One of the most fundamental decisions in a deal process is whether to structure the transaction as a stock or asset purchase. We will elaborate on the pros and cons of both momentarily, but first I thought I would emphasize why this is so important. Even by the entertainment standard of private equity training materials, this topic is dry. Incentive is necessary because you could be watching raccoons steal food from cats on YouTube right now, but instead we are going to be talking about taxes.
"What is the difference between a taxidermist and a tax collector? The taxidermist takes only your skin."
"The hardest thing in the world to understand is the income tax."
It is somewhat of a paradox that a topic so frequently discussed and reviled is generally found to be too boring to study; especially when you consider the lengths humans will go to for money. For the promise of a handsome six-figure salary straight out of college, a young twenty-something will live in a cubicle and learn to use Excel without a mouse. But comment that you can help someone grow their wealth with efficient tax structures and you’ve lost them. Fortunately, the world of efficient tax structures has its own inspirational icon, John Malone.
If you are unfamiliar with John Malone, the two most important things to know about him for the purpose of this lesson are as follows. First, he is an incredible investor:
Few people have made more money for investors over the past three decades than John Malone. The billionaire cable-TV investor and operator parlayed a small group of cable systems, originally assembled in the 1970s, into Tele-Communications Inc., before selling it to AT&T in 1999 for $48 billion.
And second, he is excellent at avoiding taxes:
No other executive in the U.S. has mastered the intricacies of the tax code to the same extent that Malone has,” says New York tax expert Robert Willens. “We are consistently in awe of the structures he and his advisors come up with to rearrange his extensive holdings, always without tax consequences, in the most advantageous way.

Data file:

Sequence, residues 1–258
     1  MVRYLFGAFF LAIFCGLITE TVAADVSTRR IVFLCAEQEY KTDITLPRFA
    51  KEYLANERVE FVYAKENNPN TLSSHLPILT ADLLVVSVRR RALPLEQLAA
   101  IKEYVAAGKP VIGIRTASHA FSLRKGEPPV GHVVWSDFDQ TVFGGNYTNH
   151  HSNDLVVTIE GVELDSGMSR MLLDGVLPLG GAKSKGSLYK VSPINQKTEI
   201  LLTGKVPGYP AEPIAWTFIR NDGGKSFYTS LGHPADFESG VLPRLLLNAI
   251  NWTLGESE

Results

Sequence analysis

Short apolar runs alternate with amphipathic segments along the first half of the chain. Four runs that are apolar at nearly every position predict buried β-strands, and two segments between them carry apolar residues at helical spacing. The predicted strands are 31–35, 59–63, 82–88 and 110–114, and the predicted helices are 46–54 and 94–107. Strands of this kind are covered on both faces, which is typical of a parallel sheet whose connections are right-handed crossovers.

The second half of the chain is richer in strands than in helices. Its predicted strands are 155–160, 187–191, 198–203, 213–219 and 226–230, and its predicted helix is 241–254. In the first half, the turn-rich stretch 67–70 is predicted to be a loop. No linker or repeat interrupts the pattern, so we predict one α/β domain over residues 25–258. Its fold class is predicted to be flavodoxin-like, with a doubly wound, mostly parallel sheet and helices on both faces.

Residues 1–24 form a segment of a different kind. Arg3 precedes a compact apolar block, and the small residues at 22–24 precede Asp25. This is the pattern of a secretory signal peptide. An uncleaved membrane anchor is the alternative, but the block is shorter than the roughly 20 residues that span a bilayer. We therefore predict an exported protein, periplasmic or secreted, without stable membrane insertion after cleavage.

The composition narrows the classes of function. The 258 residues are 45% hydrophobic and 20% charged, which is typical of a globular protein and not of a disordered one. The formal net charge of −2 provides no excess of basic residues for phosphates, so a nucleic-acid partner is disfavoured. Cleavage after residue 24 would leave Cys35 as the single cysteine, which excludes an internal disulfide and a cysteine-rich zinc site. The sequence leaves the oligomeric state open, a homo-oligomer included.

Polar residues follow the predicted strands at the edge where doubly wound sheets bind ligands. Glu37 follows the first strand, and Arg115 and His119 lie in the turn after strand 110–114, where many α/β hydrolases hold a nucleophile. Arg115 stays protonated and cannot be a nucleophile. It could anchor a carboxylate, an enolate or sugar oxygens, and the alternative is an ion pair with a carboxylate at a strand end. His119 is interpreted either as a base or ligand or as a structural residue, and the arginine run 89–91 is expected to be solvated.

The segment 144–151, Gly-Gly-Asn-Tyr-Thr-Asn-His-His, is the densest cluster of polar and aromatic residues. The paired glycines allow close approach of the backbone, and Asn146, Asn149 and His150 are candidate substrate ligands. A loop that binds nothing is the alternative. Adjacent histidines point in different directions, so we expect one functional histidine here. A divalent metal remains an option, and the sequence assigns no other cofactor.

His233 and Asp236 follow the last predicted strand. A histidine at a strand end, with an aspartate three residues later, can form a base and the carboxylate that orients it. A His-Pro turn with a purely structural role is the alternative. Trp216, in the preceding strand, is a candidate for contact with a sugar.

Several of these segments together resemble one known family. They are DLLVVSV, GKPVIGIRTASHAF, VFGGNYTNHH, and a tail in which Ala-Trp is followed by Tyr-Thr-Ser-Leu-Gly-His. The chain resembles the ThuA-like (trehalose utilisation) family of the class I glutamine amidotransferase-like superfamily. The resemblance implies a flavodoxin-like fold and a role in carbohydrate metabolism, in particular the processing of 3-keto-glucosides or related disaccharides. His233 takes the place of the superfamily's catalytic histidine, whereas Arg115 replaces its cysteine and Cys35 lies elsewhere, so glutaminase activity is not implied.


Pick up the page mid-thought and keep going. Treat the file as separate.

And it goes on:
John Malone might not refer to it as tax “avoidance” for the term’s association with tax “evasion,” which the US government frowns on (/ will throw you in jail for). He would most likely prefer tax “deferral.” In a New Yorker interview, he explained his tax deferral logic as follows:
[Taxes are] a leakage of economic value. And, to the degree it can be deferred, you get to continue to invest that component on behalf of the government. You know, there's an old saying that the government is your partner from birth, but they don't get to come to all the meetings.
This concept is a core principal of wealth accumulation, and while it is widely accepted, it is arguably frequently overlooked. The brilliant Charlie Munger has an excellent quote on this subject that explains the math in simple terms:
Another very simple effect I very seldom see discussed either by investment managers or anybody else is the effect of taxes. If you’re going to buy something which compounds for 30 years at 15% per annum and you pay one 35% tax at the very end, the way that works out is that after taxes, you keep 13.3% per annum. In contrast, if you bought the same investment, but had to pay taxes every year of 35% out of the 15% that you earned, then your return would be 15% minus 35% of 15% or only 9.75% per year compounded. So the difference there is over 3.5%. And what 3.5% does to the numbers over long holding periods like 30 years is truly eye-opening. If you sit back for long, long stretches in great companies, you can get a huge edge from nothing but the way that income taxes work.